Aquilegia chrysantha 'Yellow Queen'
- Position: full sun or partial shade
- Soil: fertile, moist, well-drained soil
- Rate of growth: average
- Flowering period: May-June
- Hardiness: fully hardy
Bright lemon yellow, upward-facing flowers with long spurs that flare out behind appear in early summer on tall stems above clumps of ferny bluish-green foliage. The flowers are good for cutting, are fragrant, and attract butterflies. This is a short-lived but easy-to-grow perennial that will self-seed freely.
- Garden care: Sow seeds in containers in a cold frame as soon as ripe or in spring, but they may be different to the parent plant. Best to leave to naturalise as they dislike root disturbance, but large clumps can be lifted and divided in early spring. Contact with the sap may cause irritation.
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Q:Growing plants for a wedding
Dear Crocus, I am a very happy customer ..... I love your site, plants and service. I learnt about you first from Arabella Lennox-Boyd. But now I am writing for some advice please. My sister is getting married in Oxfordshire on the last weekend of May. I would love to grow the flowers for the wedding. I have a big garden with empty beds and a green house at my disposal. Could you give me some advice on types of cut flowers that would be in bloom at the end of May? Some pointers as a place to start my research and buying would be fantastic. Thank you very much, Best wishes, KateAsked on 1/8/2010 by Kate Olivia Higginbottom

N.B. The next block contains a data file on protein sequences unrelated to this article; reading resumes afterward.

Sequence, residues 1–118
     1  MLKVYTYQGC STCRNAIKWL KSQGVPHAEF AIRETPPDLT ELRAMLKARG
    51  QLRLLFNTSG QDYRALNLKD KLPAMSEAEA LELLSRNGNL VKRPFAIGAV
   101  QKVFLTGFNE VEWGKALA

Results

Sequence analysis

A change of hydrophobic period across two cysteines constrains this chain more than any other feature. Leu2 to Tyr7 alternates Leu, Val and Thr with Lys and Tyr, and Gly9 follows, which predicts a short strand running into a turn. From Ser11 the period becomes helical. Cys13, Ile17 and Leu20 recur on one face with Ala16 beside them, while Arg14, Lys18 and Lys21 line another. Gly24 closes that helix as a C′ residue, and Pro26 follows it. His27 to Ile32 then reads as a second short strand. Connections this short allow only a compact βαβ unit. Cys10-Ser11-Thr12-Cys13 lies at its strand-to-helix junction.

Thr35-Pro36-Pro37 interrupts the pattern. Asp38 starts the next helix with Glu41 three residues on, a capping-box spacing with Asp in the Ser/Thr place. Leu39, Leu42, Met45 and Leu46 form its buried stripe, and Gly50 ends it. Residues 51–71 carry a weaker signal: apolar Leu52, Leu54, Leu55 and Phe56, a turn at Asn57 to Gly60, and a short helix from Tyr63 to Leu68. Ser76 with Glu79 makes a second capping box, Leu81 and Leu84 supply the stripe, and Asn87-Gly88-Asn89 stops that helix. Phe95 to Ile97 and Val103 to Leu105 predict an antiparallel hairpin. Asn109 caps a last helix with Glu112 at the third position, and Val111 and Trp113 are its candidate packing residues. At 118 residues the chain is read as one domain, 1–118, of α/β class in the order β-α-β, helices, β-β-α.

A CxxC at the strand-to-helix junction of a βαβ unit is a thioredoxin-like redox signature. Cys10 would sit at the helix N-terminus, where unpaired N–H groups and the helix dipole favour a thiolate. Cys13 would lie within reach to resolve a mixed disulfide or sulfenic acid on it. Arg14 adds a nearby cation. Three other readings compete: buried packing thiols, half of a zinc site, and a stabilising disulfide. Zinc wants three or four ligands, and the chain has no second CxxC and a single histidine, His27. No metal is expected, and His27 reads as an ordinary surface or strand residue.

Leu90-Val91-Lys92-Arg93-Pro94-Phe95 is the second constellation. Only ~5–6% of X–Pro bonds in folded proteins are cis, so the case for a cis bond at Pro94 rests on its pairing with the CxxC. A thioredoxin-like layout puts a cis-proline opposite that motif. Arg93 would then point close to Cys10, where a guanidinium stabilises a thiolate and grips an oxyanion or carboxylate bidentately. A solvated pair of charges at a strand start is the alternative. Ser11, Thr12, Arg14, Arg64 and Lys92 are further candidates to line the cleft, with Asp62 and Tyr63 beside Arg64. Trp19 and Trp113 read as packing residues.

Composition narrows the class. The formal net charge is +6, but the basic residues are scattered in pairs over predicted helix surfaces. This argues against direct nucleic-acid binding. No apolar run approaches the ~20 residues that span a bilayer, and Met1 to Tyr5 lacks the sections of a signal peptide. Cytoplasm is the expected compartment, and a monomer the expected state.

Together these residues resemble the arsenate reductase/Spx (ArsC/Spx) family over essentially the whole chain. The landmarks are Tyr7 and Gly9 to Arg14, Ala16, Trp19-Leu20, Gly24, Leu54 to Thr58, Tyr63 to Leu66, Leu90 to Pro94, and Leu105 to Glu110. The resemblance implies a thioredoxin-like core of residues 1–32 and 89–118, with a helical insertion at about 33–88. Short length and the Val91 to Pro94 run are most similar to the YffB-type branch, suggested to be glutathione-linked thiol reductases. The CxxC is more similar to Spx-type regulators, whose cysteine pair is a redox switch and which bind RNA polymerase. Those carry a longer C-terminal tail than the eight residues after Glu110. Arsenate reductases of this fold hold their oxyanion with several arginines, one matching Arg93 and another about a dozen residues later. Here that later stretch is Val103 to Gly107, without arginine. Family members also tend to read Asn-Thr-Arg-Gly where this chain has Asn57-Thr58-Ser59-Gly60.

A:Thank you so much Helen - amazing! I'll send you photos of the finished results. Best wishes and thanks again, KateAnswered on 1/8/2010 by Crocus Helpdesk
A:Hello Kate, It will be a little hit and miss as a lot will depend on the weather, but the following plants should be in flower around that time. Choisya ternata
Osmanthus x burkwoodii
Viburnum x carlcephalum
http://www.crocus.co.uk/search/_/search.paeonia/ Euphorbia palustris
and if we have a hot start to the summer a couple of roses or some of the earlier lavenders may have started too. I hope this gives you lots of ideas. Helen Plant DoctorAnswered on 1/8/2010 by Kate Olivia Higginbottom
These cottage garden essentials take their name from Aquila, Latin for eagle, because the nectar-rich spurs at the back of the flower resemble eagle's talons. Their other common name, columbine, is also related to a bird. If you turn the flowers upside dRead full article